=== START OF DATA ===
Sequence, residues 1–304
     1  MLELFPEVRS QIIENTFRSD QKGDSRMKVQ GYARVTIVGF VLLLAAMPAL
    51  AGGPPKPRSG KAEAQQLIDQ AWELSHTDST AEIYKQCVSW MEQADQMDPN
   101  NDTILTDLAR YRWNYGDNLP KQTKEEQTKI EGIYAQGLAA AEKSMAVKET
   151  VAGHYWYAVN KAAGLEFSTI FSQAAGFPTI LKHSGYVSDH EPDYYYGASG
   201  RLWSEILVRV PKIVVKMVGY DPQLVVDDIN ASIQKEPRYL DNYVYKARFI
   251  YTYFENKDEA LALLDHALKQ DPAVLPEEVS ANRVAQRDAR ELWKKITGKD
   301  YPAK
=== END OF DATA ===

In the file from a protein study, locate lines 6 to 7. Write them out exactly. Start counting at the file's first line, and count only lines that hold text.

   201  RLWSEILVRV PKIVVKMVGY DPQLVVDDIN ASIQKEPRYL DNYVYKARFI
   251  YTYFENKDEA LALLDHALKQ DPAVLPEEVS ANRVAQRDAR ELWKKITGKD